Ford Motor’s redesign of its biggest moneymaker, the F-150 pickup, is more geared toward overhauling its interior than a radical reworking of its sheet metal, adding creature comforts like hands-free driving technology and reclining sleeper seats.
Sleep, it turns out, is in high demand from truck buyers who snapped up nearly 900,000 F-Series models last year, generating about $42 billion in revenue for the automaker. Ford conducted hundreds of hours of anthropological research on its owners only to discover what they really want is seating more akin to a first-class airline cabin than a no-frills shuttle bus.
“Whether it’s just a quick power nap when they’re on the job site or when they’re going camping with their family, we’re finding that a lot of customers use their vehicle as their sanctuary,” Hau Thai-Tang, Ford’s product development chief, said in an interview. “They’ll get home from work and not go in the house right away. They’ll actually spend ‘me time’ in the truck.”
The interior upgrade comes as part of Ford’s realization the F-150 couldn’t rest on its laurels as the top-selling vehicle in the U.S. for the past 38 years. The pickup needed an overhaul to keep rivals General Motors and Fiat Chrysler at bay.
Fiat Chrysler’s Ram in particular has been ascending thanks to a popular jumbo screen that’s helped the truck line overtake GM’s Chevrolet Silverado on the sales charts. Ford has managed to maintain sales leadership but been under pressure from buyers and its own dealers to match Ram’s high-tech interior.
The new F-150 going on sale later this year will feature a 12-inch touchscreen that matches the tablet-sized offering in the Ram. The automaker is unveiling its new truck late Thursday through a splashy social media stream hosted by comedian Denis Leary, who has been a paid pitchman for Ford since 2008.
“Ram came out with a screen that was bigger than ours and now it’s our turn,” Thai-Tang said. “We want to maintain our leadership. We’re very confident we will.”
Ford has a lot riding on the F-150, the flagship in the F-Series truck line that accounts for much of the company’s profits.
Big pickups are the lifeblood of Detroit automakers and one of the few segments in which Japanese automakers have failed to make major inroads. The big rigs haul in an average of $10,000 in profit per unit, compared to $3,000 for a small crossover utility vehicle, according to Morningstar.
“This truck has been Ford’s cash cow for years and a bright spot during this pandemic,” said Jessica Caldwell, executive director of insights at automotive researcher Edmunds. “But it has also been in need of a fresh design as the truck wars have grown more heated.”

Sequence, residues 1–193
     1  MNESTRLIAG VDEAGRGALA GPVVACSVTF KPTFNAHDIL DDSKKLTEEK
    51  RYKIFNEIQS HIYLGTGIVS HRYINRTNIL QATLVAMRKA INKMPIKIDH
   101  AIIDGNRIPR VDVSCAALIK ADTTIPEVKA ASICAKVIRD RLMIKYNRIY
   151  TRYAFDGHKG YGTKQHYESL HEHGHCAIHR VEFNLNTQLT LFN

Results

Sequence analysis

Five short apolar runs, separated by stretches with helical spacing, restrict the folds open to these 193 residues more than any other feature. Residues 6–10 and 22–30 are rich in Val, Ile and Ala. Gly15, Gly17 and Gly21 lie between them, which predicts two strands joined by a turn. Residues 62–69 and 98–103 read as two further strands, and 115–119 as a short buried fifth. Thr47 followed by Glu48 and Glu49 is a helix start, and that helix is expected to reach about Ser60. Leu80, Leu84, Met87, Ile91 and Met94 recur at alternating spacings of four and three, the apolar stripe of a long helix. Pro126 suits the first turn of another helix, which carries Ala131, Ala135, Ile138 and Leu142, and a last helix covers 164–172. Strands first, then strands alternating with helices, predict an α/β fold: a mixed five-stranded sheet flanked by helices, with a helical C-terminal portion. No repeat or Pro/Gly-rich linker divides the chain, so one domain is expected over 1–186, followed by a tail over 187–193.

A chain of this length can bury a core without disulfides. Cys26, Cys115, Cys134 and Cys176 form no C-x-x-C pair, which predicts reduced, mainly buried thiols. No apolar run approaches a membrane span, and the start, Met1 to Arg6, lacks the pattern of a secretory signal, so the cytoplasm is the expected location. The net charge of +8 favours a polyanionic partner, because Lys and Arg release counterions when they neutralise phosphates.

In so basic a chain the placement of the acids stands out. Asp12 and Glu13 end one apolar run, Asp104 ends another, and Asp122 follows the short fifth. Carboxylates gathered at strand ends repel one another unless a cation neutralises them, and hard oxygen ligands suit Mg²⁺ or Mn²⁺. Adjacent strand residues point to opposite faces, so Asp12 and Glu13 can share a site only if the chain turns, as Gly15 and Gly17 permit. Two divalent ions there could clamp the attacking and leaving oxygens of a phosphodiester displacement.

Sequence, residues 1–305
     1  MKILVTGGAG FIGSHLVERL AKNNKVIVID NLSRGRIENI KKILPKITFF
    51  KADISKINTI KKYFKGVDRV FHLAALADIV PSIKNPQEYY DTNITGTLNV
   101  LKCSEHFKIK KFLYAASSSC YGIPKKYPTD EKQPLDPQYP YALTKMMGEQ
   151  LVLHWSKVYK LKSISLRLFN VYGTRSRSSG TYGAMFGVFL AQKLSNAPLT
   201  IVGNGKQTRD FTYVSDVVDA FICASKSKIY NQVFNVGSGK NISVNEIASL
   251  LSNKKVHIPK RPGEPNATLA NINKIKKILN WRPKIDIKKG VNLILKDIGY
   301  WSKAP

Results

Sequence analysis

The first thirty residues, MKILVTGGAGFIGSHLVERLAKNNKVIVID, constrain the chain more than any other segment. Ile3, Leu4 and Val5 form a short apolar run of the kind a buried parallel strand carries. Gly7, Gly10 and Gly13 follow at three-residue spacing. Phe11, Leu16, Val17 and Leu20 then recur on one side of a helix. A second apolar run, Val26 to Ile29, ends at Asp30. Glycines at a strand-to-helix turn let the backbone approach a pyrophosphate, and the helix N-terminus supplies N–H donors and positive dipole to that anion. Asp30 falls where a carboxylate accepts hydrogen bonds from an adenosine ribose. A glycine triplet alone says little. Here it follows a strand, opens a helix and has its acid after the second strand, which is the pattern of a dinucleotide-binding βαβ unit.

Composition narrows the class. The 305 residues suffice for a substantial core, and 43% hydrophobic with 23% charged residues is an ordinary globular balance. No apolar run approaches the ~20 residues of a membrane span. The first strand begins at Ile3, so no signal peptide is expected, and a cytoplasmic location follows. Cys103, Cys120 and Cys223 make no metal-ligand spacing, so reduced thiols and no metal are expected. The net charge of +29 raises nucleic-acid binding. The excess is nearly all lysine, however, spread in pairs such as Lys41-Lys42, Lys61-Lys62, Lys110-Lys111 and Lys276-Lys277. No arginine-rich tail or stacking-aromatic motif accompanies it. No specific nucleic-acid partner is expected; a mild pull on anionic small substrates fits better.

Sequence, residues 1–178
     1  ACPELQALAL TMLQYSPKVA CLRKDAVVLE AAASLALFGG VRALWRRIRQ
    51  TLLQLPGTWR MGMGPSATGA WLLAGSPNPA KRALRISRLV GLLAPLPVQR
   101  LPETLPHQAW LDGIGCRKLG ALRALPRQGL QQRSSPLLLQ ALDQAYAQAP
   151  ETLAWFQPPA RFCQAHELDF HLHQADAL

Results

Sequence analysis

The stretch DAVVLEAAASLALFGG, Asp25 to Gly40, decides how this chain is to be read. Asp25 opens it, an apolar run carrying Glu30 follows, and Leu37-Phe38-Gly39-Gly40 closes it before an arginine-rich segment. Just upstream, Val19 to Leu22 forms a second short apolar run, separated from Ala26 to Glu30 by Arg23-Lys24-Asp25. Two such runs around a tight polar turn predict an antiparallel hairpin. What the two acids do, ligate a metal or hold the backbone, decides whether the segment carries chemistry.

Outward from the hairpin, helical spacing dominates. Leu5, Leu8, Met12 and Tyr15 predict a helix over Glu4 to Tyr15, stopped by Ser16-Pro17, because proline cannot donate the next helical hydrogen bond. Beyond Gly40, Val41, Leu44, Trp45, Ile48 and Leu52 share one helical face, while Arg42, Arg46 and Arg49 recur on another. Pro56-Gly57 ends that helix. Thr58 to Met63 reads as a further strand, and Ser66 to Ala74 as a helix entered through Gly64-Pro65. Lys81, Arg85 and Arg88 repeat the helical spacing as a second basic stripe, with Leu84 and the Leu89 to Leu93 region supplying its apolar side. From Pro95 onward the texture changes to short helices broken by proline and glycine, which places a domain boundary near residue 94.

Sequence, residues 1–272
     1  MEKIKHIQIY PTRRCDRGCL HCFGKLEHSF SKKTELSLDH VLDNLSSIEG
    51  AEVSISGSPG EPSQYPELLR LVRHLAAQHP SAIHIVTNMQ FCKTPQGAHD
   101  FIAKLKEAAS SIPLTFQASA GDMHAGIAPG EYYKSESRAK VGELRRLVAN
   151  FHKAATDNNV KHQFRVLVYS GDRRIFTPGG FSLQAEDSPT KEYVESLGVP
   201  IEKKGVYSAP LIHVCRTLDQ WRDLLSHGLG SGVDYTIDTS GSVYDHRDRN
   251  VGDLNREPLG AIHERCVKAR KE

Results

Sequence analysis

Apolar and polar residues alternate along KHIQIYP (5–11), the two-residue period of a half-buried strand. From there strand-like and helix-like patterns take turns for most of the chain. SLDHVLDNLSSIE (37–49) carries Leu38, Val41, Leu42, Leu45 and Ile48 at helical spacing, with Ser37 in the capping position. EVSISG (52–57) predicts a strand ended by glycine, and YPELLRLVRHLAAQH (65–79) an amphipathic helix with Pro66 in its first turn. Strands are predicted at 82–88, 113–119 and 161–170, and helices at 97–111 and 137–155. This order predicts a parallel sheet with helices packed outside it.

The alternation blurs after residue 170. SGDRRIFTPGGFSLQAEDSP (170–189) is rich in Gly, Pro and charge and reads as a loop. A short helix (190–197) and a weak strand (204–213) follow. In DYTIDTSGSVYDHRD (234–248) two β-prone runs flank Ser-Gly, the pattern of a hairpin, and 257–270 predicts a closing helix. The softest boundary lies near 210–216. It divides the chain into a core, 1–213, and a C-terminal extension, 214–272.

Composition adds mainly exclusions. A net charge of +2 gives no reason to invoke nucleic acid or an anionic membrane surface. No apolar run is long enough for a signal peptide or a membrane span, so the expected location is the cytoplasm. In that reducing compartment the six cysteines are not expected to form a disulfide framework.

Ford hopes to find new commercial buyers and retail customers who want to work — and sleep — in their trucks. Another new feature is a shifter that folds away into the center console, creating a flat workspace for a laptop or lunch.
The redesign is also a tech play, as Ford puts the F-150 at the center of its push toward electrification and autonomous-driving systems.
The new truck will come in a gasoline-electric hybrid version at launch and a fully battery-powered F-150 will arrive within two years, the automaker has said. The hybrid will have an on-board generator that could power a worksite or home.
The F-150 will also become Ford’s first vehicle to offer over-the-air software updates, as Tesla has done for years in its electric cars. And Ford is outfitting the F-150 with the same hands-free driving feature that is going on the electric Mustang Mach-E coming later this year.
“There was a point where pickup trucks were expected to be basic,” said Stephanie Brinley, a principal automotive analyst at IHS Markit. “But now consumers are just as interested in technology in trucks as they are in their sedans and SUVs.”
Over-the-air software updates should also bolster Ford’s bottom line, Thai-Tang said. It allows the automaker to charge customers for optional new software-driven features throughout the life of the vehicle, creating an ongoing revenue stream.
By creating an online connection to the truck, Ford hopes to get an early warning on flaws that need fixing, thereby reducing warranty and recall costs, which helped sink the automaker’s earnings last year.
“If I’m able to identify an issue much earlier because I have the diagnostics capability from the over-the-air data stream, I can cut it off before it becomes hundreds of thousands or millions of vehicles,” Thai-Tang said.
Ford also needs to show it can smoothly launch the new F-150 after the botched rollout of its Explorer sport-utility vehicle last year compounded its financial woes.
The degree of difficulty has only increased following a two-month production shutdown to slow the spread of the cononavirus, which Ford has said will result in a $5 billion operating loss this quarter.
A fresh F-150 will pay dividends in the longer run, but Ford is likely to temporarily lose some truck share to GM and Fiat Chrysler while it converts factories in Michigan and Missouri to produce the new truck, Credit Suisse analyst Dan Levy wrote in a report Thursday.
Ford has promised to minimize downtime and will continue producing the outgoing F-150 model in one plant, while converting the other to the new version.
“It’s the crown jewel of the business,” Thai-Tang said. “Tremendous volume, a tremendous profit pool, two assembly plants with a huge economic impact in those communities where those employees are working and living. So there’s no product more important for us.”